Another reason for my turning to slight mush when thinking of this place? Fact of the matter is, these places are magnets for artists. At least seven times out of ten in recent decades, great art has thrived where abandoned warehouses and factories have lain dormant. Doesn't mean that everybody who goes through these doors is going to end up being the next Laurie Anderson, Lynda Benglis, or any other artist you could name, but the truth is, large spaces like those in these buildings give artists a chance to work large and cheap....even if they might occasionally have to remove a door, and, finally, a doorjamb to get some of their work out of those spaces. That's just a peril of thinking big.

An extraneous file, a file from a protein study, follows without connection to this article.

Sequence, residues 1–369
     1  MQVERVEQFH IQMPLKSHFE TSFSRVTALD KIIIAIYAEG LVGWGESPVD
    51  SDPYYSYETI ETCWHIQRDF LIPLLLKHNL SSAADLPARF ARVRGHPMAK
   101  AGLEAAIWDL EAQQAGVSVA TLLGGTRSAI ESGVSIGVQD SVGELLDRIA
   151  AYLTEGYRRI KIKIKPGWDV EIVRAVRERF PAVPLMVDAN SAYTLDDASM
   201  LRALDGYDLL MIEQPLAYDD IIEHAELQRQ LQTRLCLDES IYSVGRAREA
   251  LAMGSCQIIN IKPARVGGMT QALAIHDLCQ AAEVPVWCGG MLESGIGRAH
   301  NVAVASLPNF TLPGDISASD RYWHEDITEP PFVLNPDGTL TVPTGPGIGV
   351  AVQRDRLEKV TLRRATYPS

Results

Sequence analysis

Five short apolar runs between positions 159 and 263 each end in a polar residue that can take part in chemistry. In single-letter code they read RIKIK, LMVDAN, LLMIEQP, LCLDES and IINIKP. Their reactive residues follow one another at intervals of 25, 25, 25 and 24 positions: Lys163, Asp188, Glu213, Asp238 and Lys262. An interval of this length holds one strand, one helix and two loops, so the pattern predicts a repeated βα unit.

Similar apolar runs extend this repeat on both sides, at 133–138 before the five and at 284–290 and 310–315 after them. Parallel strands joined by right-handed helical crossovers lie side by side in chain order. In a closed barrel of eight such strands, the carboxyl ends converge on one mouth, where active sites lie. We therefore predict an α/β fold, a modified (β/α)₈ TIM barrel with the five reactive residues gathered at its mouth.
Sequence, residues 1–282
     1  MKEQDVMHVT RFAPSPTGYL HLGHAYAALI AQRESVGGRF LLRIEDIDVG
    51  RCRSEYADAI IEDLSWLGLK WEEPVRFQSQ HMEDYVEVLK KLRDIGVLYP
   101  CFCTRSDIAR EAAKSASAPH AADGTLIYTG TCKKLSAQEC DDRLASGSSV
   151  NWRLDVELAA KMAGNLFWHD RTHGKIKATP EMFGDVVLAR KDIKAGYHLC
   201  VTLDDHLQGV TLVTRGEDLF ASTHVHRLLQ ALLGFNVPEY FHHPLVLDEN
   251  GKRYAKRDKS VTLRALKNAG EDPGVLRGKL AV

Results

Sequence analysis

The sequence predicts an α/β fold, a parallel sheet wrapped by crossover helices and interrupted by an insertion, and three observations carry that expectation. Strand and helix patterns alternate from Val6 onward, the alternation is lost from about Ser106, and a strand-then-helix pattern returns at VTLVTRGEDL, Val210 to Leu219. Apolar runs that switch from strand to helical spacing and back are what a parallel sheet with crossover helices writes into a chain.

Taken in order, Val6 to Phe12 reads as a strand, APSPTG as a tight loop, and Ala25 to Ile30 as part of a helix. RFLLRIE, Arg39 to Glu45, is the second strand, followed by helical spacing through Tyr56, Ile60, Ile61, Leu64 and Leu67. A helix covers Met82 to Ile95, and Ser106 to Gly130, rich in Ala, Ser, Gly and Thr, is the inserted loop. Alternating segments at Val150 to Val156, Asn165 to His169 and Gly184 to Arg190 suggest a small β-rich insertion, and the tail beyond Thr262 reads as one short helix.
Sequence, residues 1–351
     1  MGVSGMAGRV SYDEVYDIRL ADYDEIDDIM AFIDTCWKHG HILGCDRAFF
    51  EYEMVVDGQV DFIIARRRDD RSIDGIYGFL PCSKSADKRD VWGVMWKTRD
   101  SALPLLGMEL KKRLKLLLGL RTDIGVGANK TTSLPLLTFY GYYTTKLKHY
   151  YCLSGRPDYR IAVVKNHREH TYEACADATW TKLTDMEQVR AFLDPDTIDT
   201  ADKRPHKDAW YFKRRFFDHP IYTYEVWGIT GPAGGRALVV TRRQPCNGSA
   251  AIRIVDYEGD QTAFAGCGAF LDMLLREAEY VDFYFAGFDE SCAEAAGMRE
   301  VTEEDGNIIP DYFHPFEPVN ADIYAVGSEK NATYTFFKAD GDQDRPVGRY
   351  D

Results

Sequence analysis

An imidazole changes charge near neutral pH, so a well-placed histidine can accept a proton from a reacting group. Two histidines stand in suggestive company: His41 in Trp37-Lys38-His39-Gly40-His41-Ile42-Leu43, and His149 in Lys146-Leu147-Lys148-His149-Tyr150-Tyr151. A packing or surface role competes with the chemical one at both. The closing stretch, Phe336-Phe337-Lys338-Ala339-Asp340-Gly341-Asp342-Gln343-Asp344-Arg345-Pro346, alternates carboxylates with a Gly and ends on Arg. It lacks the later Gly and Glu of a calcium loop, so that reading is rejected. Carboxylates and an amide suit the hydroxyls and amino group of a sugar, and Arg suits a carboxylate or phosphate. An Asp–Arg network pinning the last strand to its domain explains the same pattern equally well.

After I would return to my car from a day's work, the book collective in the place would have its door wide open and ready to receive visitors. I especially loved the message I spied on the door once shortly after the Macondo oil disaster had entered into our consciousness:
Of course, the door to the place looks a little different now, as does the door to the place around the corner that used to accept bikes on their last gears and refurbish them for many more years of use:
|Iron Rail now|
|Plan B Community Bike Project now|
|Check the gargoyles up there when you get a chance.|